Snowmobile deaths have halved in the past 6 years, says Ontario Provincial Police
Over the past 10 years, the Ontario Provincial Police has seen a decrease in the number of snowmobile fatalities in the province.
So far in 2022, the OPP has investigated 13 deaths on frozen trails and lakes in Ontario, said Sgt. Paul Beaton, provincial snowmobile program coordinator. Last year, that number was 15.
In northeastern Ontario, there have been five fatalities involving snowmobiles this winter, compared to two in 2021.
“I would say one is one too many,” Beaton said.
Last weekend, the OPP Eastern Region SAVE Team was patrolling the trails in the Temiskaming Detachment areas. 300 MSV checked. 37 charges laid. A moose also came to visit us. Thank you to all the riders who drove safely and wore the gear #security appropriate ! #snowmobilesafety ^js pic.twitter.com/vIzziUKCMj
But that was in 2016 and 2017, when the number of snowmobile fatalities in Ontario peaked – at 27.
While it’s hard to say where the decrease is coming from, Beaton said he’d like to think it was partly related to messages from police.
“It could just be an anomaly, but it’s hard to measure our success when we’re getting a lot of messaging across the province,” he said.
“We would like to think that every time we do this it will resonate with at least one person and that one person receiving the message is a success for us.”
According to statistics, the main contributing factors to snowmobile deaths are speed, alcohol and driver ability.
“Year after year, speed is the leading cause of fatal snowmobile collisions,” Beaton said.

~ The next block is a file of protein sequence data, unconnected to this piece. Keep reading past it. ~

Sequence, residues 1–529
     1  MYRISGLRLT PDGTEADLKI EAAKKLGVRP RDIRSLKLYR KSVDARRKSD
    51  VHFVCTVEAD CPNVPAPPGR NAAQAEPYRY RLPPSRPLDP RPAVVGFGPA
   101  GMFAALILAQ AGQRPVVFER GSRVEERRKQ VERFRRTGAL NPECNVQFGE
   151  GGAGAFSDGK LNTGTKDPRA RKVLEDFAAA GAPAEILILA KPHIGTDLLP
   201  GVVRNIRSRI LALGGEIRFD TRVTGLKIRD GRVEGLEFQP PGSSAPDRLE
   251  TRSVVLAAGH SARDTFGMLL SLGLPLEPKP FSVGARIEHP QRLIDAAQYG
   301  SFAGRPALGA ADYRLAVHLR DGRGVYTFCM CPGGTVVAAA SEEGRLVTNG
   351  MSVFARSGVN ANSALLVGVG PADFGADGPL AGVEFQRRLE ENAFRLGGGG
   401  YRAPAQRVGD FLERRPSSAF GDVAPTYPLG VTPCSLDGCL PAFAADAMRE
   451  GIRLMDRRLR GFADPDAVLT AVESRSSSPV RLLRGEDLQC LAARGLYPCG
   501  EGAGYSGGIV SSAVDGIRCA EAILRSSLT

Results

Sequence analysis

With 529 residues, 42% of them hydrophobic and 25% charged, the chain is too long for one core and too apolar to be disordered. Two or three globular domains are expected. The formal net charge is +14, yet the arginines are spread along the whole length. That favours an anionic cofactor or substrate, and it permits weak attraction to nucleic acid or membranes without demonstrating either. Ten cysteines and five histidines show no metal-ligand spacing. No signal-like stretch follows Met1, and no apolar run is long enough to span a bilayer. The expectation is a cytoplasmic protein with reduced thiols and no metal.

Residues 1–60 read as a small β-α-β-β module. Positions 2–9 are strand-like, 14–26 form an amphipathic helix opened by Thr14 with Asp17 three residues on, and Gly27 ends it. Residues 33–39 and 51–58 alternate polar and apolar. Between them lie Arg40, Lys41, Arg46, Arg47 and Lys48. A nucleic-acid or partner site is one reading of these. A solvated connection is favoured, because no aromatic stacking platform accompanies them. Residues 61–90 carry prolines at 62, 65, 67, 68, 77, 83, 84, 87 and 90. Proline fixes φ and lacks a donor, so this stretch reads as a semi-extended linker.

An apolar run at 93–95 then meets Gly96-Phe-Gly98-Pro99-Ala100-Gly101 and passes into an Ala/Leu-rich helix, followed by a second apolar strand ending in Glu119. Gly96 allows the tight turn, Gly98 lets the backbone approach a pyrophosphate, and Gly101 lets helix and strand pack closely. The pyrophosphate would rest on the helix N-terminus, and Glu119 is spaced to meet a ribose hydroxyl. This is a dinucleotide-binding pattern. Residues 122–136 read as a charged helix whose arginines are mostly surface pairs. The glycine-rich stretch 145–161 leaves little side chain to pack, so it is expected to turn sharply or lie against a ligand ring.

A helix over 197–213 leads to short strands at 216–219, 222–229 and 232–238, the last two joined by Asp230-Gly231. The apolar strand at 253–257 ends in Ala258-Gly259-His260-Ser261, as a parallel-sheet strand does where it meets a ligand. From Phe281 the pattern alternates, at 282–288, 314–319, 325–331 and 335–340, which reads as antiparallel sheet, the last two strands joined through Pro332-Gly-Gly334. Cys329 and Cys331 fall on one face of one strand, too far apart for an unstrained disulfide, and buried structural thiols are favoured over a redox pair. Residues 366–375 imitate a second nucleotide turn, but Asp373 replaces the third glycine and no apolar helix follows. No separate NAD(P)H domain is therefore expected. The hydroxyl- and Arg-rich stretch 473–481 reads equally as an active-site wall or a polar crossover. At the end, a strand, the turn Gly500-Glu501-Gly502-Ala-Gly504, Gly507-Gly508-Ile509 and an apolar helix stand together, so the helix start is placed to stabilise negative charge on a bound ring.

According to OPP statistics, 40% of these deaths occur on or near frozen waterways.
“To make every snowmobile ride safe, you must first avoid unnecessary risks,” said OPP Commissioner Thomas Carrique.
“Our fatality data sends a clear message that snowmobilers who speed and drive while impaired by alcohol or drugs, as well as those who dismiss our warnings that no ice is safe, are tipping the balance towards a tragic outcome to their conduct,” he said. added.
“We want cyclists to have a safe and enjoyable experience on the trails this winter, but also remind cyclists to ride within their limits, exercise caution and control, and always check the interactive trail guide for information. updates on trail availability,” said Ryan Eickmeier, general manager of the Ontario Federation of Snowmobile Clubs.
We do not consider them as statistics. They are human beings. They are your friends and family and one is too many for us.– Paul Beaton, Provincial OPP Snowmobile Program Coordinator
“We don’t think of them as statistics. They’re human beings. They’re your friends and family and one is way too many for us,” Beaton said.
“Our ultimate goal is to have zero.”
Ontario Provincial Police officers will continue to patrol the snowmobile trails or will be stationed at the trailheads until winter conditions permit.